Southern Baptists Leader Acknowledges ‘Moral Majority’ Is Gone For Good; Now It’s ‘A Post-Bible Belt America’

According to NPR, Russell Moore (41) became “the public face of Evangelical Christians” recently when he was appointed to be the leader of the Southern Baptist Convention’s Ethics and Religious Liberty Commission.

Southern Baptists, NPR explains,

…represent nearly 40,000 churches and missions, claiming nearly 16 million members in the country. As the leader of the Ethics and Religious Liberty Commission, where he succeeds the very influential and prominent Richard Land, Mr. Moore will be at the forefront of some of the most contentious issues of our time.

So what is Mr. Moore’s chief objective?

“My top priority is to prepare Evangelical Christian churches to live as faithful witnesses in a post-Bible Belt America. I think that we’re living in a time when the traditional structures of the Bible belt — the day in which Evangelical Christians can assume that we are a moral majority in this country, those days are over. And so we have to learn how to be a prophetic minority in this country, and how to be faithful in a culture without simply being absorbed into that culture.”

There’s a much-appreciated humility and sense of realism to these words. Time will tell whether Moore means them, and acts accordingly.

About Terry Firma

Terry Firma, though born and Journalism-school-educated in Europe, has lived in the U.S. for the past 20-odd years. Stateside, his feature articles have been published in the New York Times, Reason, Rolling Stone, Playboy, and Wired. Terry is the founder and Main Mischief Maker of Moral Compass, a site that pokes fun at the delusional claim by people of faith that a belief in God equips them with superior moral standards.

  • GodVlogger (on YouTube)

    No more Christian majority, even in the Bible belt?…

    “From his mouth to god’s ears”

    (Figuratively speaking of course!)

  • skinnercitycyclist

    “I think that we’re living in a time when the traditional structures of the Bible belt — the day in which Evangelical Christians can assume that we are a moral majority in this country, those days are over.”

    He seems to misunderstand the term “Bible Belt,” for one thing. The Bible Belt is a swath of the country that cuts through the south and the midwest primarily. Granted it is a vernacular culture area, and so not exactly defined, but evangelical christians have never been a majority in this country outside of that swath, and that swath does not constitute the whole country.

    Also, if I hear one more rube on the radio from places as far-flung as SC, Arkansas, Arizona, and oklahoma refer to where they live as the “buckle of the Bible Belt,” I think I may scream.

  • Jasper

    I think they meant “Moral” Majority… and now we’re in a post-Bible Belt Actual Morality. Christianity ranks up there with the most potent persuading of people to think that immoral things are moral, and moral(or amoral) things are immoral.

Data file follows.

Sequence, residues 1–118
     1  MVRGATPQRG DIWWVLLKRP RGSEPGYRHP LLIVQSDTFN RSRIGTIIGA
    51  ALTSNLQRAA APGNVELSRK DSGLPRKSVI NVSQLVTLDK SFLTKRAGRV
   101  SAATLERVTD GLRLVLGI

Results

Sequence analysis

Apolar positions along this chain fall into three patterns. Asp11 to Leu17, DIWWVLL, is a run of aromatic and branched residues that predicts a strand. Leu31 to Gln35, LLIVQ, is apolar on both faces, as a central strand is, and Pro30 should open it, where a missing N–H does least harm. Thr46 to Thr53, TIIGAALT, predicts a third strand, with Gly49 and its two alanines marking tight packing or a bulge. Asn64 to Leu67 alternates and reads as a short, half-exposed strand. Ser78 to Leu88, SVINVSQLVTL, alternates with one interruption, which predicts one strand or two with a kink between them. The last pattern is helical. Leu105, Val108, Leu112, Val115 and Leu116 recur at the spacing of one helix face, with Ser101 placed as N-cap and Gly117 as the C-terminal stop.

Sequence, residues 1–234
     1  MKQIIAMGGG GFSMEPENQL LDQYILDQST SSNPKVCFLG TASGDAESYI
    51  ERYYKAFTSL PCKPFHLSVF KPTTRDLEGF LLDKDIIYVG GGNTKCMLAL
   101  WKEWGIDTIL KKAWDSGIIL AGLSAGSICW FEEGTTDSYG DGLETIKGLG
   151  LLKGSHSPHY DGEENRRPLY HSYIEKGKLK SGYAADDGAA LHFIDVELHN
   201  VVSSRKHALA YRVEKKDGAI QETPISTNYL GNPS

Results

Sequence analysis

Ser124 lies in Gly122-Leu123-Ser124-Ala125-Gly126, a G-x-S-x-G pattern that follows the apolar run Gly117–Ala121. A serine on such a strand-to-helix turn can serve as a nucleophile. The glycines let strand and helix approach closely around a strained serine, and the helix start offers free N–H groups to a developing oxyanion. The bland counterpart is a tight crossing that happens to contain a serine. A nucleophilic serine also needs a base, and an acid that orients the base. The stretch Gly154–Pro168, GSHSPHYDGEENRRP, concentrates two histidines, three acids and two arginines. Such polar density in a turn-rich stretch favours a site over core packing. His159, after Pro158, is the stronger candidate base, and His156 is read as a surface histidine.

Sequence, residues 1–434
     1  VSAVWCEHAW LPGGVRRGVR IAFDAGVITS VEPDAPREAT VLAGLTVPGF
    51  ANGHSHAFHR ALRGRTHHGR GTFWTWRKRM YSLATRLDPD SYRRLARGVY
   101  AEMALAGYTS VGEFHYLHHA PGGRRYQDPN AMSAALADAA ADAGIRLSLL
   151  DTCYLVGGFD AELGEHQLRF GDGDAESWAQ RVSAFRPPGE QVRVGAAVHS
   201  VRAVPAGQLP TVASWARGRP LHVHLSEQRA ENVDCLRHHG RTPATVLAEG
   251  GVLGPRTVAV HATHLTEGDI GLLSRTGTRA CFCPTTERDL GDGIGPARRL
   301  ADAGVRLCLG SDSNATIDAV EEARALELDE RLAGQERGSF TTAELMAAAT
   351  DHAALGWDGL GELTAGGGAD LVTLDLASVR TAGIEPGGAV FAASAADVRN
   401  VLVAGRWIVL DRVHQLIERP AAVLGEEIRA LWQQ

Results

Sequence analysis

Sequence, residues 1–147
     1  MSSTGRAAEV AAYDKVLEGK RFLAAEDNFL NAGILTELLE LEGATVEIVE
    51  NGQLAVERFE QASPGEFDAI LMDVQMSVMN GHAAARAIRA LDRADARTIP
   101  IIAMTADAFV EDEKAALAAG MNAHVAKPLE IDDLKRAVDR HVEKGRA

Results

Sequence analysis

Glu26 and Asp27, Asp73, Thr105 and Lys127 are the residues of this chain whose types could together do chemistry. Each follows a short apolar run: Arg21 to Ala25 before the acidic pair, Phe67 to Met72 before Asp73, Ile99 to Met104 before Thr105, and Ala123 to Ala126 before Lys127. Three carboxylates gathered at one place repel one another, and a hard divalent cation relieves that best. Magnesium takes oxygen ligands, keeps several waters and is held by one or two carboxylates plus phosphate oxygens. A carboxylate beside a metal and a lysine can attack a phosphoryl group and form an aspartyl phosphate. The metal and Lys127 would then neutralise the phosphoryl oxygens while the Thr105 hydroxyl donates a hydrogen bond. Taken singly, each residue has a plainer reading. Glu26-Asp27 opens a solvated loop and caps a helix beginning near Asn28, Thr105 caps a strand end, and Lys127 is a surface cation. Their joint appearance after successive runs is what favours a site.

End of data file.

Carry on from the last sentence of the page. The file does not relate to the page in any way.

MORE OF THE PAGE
• bananafaced

    I think this guy should tell his tale to the Evangelicals in Mississippi. I know they will disagree! Almost everyone here belongs to a Christian church and they all consider themselves to be in the majority, moral and otherwise.

  • MarkG

    My take: Oops, we’re losing, better make some changes or fade away. The first salvo of surrender!

  • MargueriteF

    I don’t think it’s “humility” at all. I think it’s part of a marketing effort to try to establish fundamentalist Christians as a persecuted minority in this country. Not only do evangelicals seem to love to see themselves as being persecuted for their faith, but calling themselves a “minority” lets them try to label themselves as a class in need of special protections from those oppressors who would squelch them (namely, us).

  • Evan Olcott

    I would propose that the reason their self-ordained “moral majority” doesn’t work anymore is because people are realizing that they don’t have the exclusivity on morality. Quite the opposite, actually.

  • Baby_Raptor

    What country does this guy live in? Because it certainly ain’t America.

  • Mick

    That’s what happens at every management level when a new boy arrives: “There are going to be some changes made. We’ve been drifting for too long. Blah, blah, blah.”

  • khyren

    When I lived in Arkansas I referred to it as the Bible Groin.

  • Kevin_Of_Bangor

    Don’t you know baby Jesus is crying because Obozo (one of his many Christian names) has destroyed America and forced the Christians to flee to a better land.

  • Justin Miyundees

    What they NEED to do is admit the emperor has no clothes. THAT”S what they NEED to do.

    Grow up already. Tsunamis and earthquakes are not caused by the sins of heretics and homosexuals any more that it is a black cat crossing one’s path. We live on a cooling planet with a crust of interlocking and grinding plates that float on a sea of magma. We know things now and the superstition they peddle is just a tool to dupe fools out of their money. Develop some scruples and stop pretending you “witness(ed)” divine revelations. Just stop it.